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GD::Image::AnimatedGif - Perl extension for creating animated gifs with GD


    use GD::Image::AnimatedGif;

    # setup the image
    my $image = GD::Image->new(42,21);
    my $white = $image->colorAllocate(255,255,255);

    # setup some font goodies
    my $fontcolor = $image->colorAllocate(0,0,0);
    my $font = GD::Font->Small();

    # setup some settings into variables
    my $loop = 0;
    my $speed = 42; # 1/100 of a sec
    my $x_font = 10; # from right (x or y ??)
    my $y_font = 2; # from top (x or $y ??)

    print "Content-type: image/gif\n\n";
    print $image->animated_gif($loop,$font,$fontcolor,$speed,$x_font,$y_font,[qw(text per frame)],\&optional_frame_handler);


    print $image->animated_gif_easy(0,0,\@array,\&optional_frame_handler);

So you can have this be your entire script, actual animation creation is on one line:


    use strict;
    use warnings;
    use GD::Image::AnimatedGif;

    print "Content-type: image/gif\n\n";
    print GD::Image->new(50,20)->animated_gif_easy(0,[qw(10 9 8 7 6 5 4 3 2 1 0 Liftoff!)]);


Quickly and easily create optimized animated gifs with GD.


Returns an entire gif ready to use. The arguments are:

   0 - loop the animation if set to true
   1 - font object
   2 - font color
   3 - speed of frames in 1/100 of a sec
   4 - x position of font
   5 - y position of font
   6 - array ref of strings to have in each frame
   7 - (optional) code ref to handle creating each frame (see below for more info)


call animate_gif with some defaults so all you have to specify is:

   0 - loop the animation if set to true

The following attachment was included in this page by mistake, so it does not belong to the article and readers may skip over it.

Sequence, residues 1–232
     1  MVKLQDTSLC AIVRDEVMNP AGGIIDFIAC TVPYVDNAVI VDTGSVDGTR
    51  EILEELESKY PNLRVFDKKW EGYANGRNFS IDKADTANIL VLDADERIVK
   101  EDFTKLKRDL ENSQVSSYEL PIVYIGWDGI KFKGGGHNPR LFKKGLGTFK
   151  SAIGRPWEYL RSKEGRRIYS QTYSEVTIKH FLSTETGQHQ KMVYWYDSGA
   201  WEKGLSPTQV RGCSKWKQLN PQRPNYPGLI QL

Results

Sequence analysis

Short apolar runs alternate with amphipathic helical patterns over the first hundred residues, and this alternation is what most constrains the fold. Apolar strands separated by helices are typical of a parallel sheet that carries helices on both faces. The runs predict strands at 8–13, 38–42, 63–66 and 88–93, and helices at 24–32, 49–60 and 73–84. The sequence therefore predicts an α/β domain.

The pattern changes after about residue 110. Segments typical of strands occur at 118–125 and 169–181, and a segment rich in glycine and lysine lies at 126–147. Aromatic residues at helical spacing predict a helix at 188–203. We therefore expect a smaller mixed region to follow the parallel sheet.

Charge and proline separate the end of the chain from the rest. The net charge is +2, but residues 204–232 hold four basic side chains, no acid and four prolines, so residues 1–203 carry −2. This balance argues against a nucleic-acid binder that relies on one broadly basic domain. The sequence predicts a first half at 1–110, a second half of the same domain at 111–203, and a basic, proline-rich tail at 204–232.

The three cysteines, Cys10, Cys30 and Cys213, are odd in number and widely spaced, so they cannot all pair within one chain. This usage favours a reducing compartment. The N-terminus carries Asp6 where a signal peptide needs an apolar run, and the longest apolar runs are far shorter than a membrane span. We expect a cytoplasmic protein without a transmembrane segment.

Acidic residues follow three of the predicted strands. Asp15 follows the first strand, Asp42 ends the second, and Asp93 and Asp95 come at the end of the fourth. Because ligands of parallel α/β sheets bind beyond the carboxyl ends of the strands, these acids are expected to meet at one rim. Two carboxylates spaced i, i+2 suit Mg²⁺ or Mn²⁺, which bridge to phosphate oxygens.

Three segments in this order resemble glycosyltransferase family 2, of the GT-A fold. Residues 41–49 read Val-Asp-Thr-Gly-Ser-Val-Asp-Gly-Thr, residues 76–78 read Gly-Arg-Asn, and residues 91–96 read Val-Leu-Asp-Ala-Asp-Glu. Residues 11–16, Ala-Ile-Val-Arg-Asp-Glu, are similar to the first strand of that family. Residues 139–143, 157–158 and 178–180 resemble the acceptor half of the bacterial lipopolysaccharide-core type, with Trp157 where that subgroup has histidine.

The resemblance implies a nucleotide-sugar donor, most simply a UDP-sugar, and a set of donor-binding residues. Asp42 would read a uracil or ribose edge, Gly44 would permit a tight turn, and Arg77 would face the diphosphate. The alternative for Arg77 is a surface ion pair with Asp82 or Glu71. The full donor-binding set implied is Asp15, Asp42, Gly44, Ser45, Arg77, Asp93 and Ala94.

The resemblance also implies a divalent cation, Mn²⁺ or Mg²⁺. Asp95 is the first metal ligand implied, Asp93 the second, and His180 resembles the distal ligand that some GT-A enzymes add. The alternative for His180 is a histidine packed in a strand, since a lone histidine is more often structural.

1 - set white transparency if true, (may want it to be false if changing the background color of each frame in a frame handler for instance)
   2 - array ref of strings to have in each frame
   3 - (optional) code ref to handle creating each frame (see below for more info)

The font is GD::Font->Small() in black. The speed is 42/100 of a second and the font's x is 4 and y is 2


Without this the animation has one element of the array ref in each frame as a string.

It is using by default, essentially:

    sub { 
        my $frm = shift;

to accomplish this. If you specify a code ref it will be used instead and you will be able to do anything you want with each frame.

The first argument is the GD::Image object for the frame and the second is the array element we are on in the loop.

So you could use the array as a counter or other reference to decide how to manipulate the frame's GD::Image object if you like.

For example, to change the background color and text color in each frame:

    my $frame_array = [
        { bgcolor => [0,0,0], fontcolor => [255,255,255] },
        { bgcolor => [255,255,255], fontcolor => [0,0,0] }

    my $frame_handler = sub {
        my $frm = shift;
        my $arr = shift;
        $frm->colorAllocate( @{ $arr->{bgcolor} } );
        $frm->string(GD::Font->Small(),4,4,'Perl is great!',$frm->colorAllocate( @{ $arr->{fontcolor} } )); 

    print "Content-type: image/gif\n\n";
    print GD::Image->new(100,20)->animated_gif_easy(1,0,$frame_array,$frame_handler);

Or to create an animation based on a series of still images:

    my $frame_handler = sub {
        my $frm = shift;
        my $imgx = GD::Image->new(shift) or die $!;

    print "Content-type: image/gif\n\n";
    print GD::Image->new(25,25)->animated_gif_easy(1,1,\@image_file_paths,$frame_handler);


See script example info at url in "AUTHOR" section below for "Secret Decoder Ring" script as an neat usage example ;p



Daniel Muey,


Copyright 2005 by Daniel Muey

This library is free software; you can redistribute it and/or modify it under the same terms as Perl itself.